We are so fortunate to have a brilliant book reviewer as Myrna Robins. She is the doyenne of foo and wine writing in the country. Author of several cook books, competition judge and wine communicator, Myrna has been a much admired and loved friend for a long time.
This compact hardback, subtitled Recipes from a Levantine Kitchen, is both quirky and appealing. Its subject matter is on trend, as items like hummus and many of Eastern Mediterranean classics are both healthy and many suitable for vegetarians and vegans and these are diets much in vogue at present.
The Levantine kitchen encompasses the cuisines of Cyprus, Lebanon, Syria, the Palestinian territories, Jordan, Israel, parts of southern Turkey and the Aleppo Vilayet. Distinctive characteristics of these diets are mezze dishes – among the most prominent being hummus, tabouleh, falafel and baba ghanoush, although the influence of countries from all over the globe can be found in their food.
The two writers and restaurateurs – Ronen having grown up on an Israeli kibbutz and Christian being a half -French, half -English gastronome – share a love of hummus: its ingredients, its benefits and recipes fill the first 50 pages of the book. I had no idea just how healthy and nutrition-worthy this spread was until I read the list of nutrients contained in chickpeas, tahini plus the optional additions of garlic, lemon juice and olive oil.
The authors’ basic recipe for hummus involves using dried, rather than canned chickpeas and soaking them for 12 hours before cooking with a little bicarbonate of soda. They restrict use of oil to tahini, ground roasted sesame seeds ground into a paste. So – neither olive oil nor garlic are included but lemon juice and salt are added to the pureed chickpeas and tahini.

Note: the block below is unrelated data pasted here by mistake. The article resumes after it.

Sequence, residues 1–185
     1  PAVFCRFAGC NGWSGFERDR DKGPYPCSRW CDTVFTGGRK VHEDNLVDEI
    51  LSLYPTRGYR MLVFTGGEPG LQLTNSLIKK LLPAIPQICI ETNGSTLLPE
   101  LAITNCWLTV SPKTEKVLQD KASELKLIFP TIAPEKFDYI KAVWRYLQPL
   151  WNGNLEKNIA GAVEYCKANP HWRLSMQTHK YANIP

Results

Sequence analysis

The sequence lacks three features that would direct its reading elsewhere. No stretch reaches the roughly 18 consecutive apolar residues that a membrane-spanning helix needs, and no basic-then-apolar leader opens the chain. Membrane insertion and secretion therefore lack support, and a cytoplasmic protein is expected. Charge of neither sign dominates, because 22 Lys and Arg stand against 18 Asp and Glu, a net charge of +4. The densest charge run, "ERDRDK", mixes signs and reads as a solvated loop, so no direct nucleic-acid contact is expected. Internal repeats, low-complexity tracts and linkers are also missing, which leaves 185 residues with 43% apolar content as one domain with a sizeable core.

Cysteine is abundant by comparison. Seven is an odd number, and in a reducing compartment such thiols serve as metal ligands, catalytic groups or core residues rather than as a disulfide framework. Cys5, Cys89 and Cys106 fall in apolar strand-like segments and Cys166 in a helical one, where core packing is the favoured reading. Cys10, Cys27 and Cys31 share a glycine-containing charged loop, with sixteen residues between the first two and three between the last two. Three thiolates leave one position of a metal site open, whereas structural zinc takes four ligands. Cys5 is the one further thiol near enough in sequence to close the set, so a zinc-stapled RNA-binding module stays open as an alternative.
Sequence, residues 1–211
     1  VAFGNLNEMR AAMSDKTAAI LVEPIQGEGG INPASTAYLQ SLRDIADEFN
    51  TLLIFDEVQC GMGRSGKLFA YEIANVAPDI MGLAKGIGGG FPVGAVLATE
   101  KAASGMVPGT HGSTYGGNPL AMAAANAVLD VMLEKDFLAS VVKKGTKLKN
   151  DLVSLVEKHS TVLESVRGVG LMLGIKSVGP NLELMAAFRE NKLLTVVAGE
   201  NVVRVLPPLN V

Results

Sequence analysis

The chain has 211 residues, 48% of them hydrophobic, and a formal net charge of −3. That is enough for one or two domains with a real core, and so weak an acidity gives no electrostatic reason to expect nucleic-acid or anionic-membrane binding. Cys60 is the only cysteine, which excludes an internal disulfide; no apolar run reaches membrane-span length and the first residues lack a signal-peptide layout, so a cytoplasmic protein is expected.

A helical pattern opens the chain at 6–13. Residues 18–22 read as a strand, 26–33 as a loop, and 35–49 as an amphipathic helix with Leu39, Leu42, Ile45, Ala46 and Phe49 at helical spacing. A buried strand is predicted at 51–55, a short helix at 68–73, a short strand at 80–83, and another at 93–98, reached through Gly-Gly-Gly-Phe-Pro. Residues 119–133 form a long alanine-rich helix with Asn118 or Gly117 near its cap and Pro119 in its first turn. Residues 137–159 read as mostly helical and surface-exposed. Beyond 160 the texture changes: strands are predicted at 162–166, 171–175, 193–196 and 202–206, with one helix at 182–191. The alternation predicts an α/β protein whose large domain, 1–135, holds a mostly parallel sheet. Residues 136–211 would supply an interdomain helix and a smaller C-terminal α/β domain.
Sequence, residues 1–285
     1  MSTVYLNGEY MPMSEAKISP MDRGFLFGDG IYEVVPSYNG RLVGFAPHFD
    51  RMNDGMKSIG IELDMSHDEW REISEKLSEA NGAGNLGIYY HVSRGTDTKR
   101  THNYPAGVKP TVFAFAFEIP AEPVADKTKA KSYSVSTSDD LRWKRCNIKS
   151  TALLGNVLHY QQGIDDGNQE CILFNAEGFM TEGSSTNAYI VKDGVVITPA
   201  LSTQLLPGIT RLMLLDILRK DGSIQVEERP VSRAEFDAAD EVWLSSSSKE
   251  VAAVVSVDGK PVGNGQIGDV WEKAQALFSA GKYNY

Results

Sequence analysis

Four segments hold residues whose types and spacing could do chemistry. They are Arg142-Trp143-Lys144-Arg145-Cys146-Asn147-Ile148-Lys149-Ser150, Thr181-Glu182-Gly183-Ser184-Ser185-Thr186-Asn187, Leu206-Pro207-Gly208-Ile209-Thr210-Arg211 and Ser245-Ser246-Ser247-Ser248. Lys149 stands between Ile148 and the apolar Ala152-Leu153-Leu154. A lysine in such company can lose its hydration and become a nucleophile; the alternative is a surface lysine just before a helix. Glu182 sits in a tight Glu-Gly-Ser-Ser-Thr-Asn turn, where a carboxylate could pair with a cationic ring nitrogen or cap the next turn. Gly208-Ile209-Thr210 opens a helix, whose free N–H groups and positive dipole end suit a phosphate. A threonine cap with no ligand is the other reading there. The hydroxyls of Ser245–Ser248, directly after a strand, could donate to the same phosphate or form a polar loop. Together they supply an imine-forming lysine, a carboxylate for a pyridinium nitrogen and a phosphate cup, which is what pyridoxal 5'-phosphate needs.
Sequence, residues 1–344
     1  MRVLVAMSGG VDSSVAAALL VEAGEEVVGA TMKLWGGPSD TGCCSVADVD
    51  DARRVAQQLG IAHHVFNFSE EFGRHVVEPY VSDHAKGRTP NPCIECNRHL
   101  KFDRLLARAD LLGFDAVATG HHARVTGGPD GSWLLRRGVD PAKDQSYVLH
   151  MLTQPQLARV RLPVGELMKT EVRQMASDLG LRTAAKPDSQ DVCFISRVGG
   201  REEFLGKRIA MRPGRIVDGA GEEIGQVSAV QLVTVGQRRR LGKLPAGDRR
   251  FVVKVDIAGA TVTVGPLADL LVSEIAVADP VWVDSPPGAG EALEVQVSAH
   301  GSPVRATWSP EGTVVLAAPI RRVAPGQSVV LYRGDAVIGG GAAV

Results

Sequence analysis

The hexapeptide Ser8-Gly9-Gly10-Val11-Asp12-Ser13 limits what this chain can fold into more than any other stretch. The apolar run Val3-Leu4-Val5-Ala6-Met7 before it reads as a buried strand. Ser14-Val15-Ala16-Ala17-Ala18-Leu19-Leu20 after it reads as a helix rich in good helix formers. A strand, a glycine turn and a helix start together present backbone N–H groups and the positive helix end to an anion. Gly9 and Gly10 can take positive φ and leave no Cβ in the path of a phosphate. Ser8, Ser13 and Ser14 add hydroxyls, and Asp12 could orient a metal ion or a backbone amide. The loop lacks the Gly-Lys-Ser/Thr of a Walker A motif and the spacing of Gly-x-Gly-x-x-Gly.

The hummus is paired with a wide range of ingredients in subsequent recipes, including mushrooms, chicken, beef, lamb; – among the exotic dishes are Moroccan meatballs, rogan josh, chilli con carne, chicken tikka masala, all of which they admit will cause raised eyebrows among purists.
The next chapter focuses on falafel and wraps, headed by a page announcing “Fingers were made before forks.” Chickpeas dominate here too, with recipes for falafel with variations. Soups are mostly hearty, using lentils and beans along with canned chickpeas, Salads offer suggestions such roasted aubergine, refreshing tabouleh, classic Greek, and crunchy fatoush. Salsas and sauces share a section with recipes for pita and flatbread. Finales of desserts offer malabi, a milk pud similar to pannacotta, a halva parfait which sounds delectable, a pannacotta lent fragrance with rosewater and orange blossom rice pud.
A small selection of drinks, mostly non-alcoholic and few quick snacks complete the text. The recipe index is accompanied by another, listing the recipes according to whether gluten-, lactose- and nut-free. Appetising photographs by Karen Thomas enhance the contents greatly.
Hummus to Halva by Ronen Givon and Christian Mouysset. Published by Pavilion, London, 2020.
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